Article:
Overused Words in Hospitality Marketing
According to Webster’s Dictionary, success is “the act of getting or achieving, wealth, respect, or fame”. But to many of us success isn’t just about wealth and fame, it’s about a well-rounded life, with time to enjoy family, friends, and hobbies. Yet the irony here is that in order to achieve that work-life balance there is often a long road of working overtime. So how can you have that success without killing yourself in the process? In a word, marketing. Marketing is crucial to success in any industry, and the hospitality industry is no exception. In an industry that competes frequently against its peers, marketing is the key to success. While most of us know that appealing to our target market is vital to business, we may not realize that our marketing language is often marred by some very common mistakes. Open just about any hospitality magazine or take a look at industry ads and you’ll undoubtedly see the same verbiage over and over, so much so that it’s becoming hard to differentiate properties, destinations, venues and even restaurants. Put your company to the test; take a look at the words describing your business. Do you stand out? Are you able to distinguish your business your competitors? If not, your business may be lost in the jungle of overused words in hospitality marketing.
Most overused words in the industry
Of course the first instinct, when trying to market your product or service, is to spruce up every aspect with every word describing your business. But this is where the potential issues arise. Rather than describing why your business, venue, or hotel is the best option, many gravitate towards the same ole’ words and clichés that just about every other company is using such as, must see, best kept secret, exceeding expectations, above and beyond, seamless”, aggghhh please, we’ve heard those a thousand, if not a million times.
In her article in Cvent, Junvi Ola lists a few of the most common clichés and words used by the hospitality industry that could really damage the success of your business. The terms Ola outlines include, “hidden gem, unique, luxurious and vibrant culture” among many others. Verbiage like this not only hides your business in a jungle of overused words, but it also prevents your clients from discerning the important information about your company and why they should choose you.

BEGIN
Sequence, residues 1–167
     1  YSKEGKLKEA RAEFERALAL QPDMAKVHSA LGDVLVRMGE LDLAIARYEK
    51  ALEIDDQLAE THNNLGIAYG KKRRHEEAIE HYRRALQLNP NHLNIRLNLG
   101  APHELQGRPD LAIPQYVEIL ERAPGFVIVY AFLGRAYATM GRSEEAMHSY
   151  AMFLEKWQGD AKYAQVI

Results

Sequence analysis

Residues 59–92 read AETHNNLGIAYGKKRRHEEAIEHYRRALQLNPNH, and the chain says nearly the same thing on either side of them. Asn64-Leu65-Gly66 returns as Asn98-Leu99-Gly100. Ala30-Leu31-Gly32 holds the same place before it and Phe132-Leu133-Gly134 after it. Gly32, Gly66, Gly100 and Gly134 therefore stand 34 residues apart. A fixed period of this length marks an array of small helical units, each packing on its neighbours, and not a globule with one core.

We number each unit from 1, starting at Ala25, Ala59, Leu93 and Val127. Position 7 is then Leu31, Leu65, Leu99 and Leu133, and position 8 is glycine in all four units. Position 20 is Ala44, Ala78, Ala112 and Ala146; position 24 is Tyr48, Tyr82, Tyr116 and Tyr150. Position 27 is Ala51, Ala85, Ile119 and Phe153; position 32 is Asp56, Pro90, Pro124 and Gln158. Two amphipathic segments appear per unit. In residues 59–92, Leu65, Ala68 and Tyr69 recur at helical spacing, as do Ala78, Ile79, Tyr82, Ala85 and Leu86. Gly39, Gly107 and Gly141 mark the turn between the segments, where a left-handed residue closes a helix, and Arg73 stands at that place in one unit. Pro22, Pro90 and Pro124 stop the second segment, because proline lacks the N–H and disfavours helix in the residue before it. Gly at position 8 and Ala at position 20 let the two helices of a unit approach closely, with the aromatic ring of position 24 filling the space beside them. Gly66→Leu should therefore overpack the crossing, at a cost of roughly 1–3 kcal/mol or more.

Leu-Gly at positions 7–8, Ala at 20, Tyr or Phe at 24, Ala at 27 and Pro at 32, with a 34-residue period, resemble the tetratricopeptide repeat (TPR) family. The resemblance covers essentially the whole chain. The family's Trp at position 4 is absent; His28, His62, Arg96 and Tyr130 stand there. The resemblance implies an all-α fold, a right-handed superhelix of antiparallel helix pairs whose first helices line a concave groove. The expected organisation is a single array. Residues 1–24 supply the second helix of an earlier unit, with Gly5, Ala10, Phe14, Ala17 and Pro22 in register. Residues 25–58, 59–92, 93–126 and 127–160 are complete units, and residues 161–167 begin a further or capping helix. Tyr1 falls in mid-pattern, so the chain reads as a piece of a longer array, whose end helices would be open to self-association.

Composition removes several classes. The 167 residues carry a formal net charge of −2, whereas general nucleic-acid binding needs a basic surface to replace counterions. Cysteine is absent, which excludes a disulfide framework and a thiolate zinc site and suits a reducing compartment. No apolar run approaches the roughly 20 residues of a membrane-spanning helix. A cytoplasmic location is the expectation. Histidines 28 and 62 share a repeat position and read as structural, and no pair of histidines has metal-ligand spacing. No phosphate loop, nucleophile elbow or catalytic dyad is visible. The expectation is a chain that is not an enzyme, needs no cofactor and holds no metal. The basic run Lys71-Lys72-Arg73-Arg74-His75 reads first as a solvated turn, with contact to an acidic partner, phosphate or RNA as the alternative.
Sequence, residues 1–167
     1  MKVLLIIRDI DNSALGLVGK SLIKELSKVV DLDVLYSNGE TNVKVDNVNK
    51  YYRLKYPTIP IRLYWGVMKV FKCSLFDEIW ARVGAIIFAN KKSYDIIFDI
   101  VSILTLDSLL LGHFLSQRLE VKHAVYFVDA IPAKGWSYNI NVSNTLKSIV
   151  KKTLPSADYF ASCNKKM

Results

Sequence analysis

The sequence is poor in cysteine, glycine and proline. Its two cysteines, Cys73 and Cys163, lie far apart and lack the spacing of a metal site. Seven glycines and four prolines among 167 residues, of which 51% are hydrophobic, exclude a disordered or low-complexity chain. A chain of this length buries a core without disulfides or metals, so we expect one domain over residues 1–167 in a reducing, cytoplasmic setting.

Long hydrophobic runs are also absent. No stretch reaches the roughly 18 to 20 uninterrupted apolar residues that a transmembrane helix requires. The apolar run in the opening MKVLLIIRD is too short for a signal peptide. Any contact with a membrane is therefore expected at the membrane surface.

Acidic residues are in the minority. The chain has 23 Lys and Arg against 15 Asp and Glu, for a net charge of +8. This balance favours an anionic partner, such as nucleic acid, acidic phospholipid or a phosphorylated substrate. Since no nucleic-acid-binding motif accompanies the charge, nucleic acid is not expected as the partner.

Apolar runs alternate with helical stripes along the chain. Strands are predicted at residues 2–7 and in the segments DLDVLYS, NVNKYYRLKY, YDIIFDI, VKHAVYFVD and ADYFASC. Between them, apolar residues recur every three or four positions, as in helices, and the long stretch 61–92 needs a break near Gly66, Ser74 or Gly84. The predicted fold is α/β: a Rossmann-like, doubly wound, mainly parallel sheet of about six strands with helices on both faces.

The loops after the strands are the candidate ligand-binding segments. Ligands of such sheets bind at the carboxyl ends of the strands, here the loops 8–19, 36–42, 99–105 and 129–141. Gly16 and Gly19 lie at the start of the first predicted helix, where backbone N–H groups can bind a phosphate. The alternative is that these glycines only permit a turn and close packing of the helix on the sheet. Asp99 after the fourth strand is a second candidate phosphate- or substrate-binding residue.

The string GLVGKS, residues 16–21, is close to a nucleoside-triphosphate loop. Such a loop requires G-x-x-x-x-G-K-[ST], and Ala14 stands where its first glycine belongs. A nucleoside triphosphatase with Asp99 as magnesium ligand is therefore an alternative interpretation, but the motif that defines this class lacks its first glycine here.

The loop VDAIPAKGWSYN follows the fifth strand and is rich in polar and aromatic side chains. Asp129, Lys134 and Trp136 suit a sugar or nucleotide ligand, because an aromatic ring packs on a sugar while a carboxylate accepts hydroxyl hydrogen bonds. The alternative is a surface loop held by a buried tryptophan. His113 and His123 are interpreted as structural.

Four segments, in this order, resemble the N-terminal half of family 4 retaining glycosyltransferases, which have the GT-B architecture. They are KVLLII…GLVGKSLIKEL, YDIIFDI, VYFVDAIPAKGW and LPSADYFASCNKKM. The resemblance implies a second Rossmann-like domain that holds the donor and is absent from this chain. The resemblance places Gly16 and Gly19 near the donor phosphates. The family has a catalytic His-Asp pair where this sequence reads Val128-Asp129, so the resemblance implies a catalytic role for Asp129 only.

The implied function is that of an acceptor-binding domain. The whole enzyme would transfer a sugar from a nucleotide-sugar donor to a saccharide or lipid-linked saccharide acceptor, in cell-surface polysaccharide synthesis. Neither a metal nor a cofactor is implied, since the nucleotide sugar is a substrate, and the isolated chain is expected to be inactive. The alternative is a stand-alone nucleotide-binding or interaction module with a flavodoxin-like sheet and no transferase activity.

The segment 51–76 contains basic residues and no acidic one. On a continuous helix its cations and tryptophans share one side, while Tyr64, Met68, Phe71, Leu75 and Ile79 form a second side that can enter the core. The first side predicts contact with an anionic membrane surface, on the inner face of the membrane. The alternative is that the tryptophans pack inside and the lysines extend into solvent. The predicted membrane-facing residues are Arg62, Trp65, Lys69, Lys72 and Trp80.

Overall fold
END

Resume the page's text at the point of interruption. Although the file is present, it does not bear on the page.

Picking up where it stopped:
How to fix the problem
If your business has fallen into the hospitality marketing trap and utilized descriptors such as unique or luxurious, don’t worry; there are ways to fix it. Re-think exactly what you are trying to market to your potential clients. For example, instead of saying, “we have unique meeting and event centers”, explain what makes the space so unique. Focus on specific details that give the customer a visual image of what the space looks like and how they could envision themselves utilizing it to their advantage. Illustrate the experience they’ll enjoy rather than trying to overly describe facts.
Luxury is another tough word to avoid, as it seems everyone in the hospitality industry wants to provide clients with the most memorable and luxurious experience possible. But there are other ways to describe your business without using this worn-out term. Again, focus on detailed elements that depict the idea of luxury or lavishness. Use descriptors that evoke emotion. Play to the senses when highlighting certain aspects of your business.
Eliminate confusion and boredom
Stay away from words that may confuse or bore your audience. No one is going to be excited by a venue that uses adjectives such as “really, very, nice, or good” and for that matter, “state-of-the-art” has been used ad nauseam, in fact it’s doubtful as to just what ‘state’ it’s now. In order to market your business effectively you need to cut out the bland or weak language and replace those words with more powerful terminology that stimulates your audience’s emotions and senses on a higher level.
When it comes to marketing in this industry, the words you choose carry tremendous power. As travel industry expert Roger Brooks says, “If your message can fit anyone, toss it and start over.” Painting a picture of the experience your clients will enjoy can push your brand to the forefront of your prospects’ minds and trigger the emotional response that drives sales.
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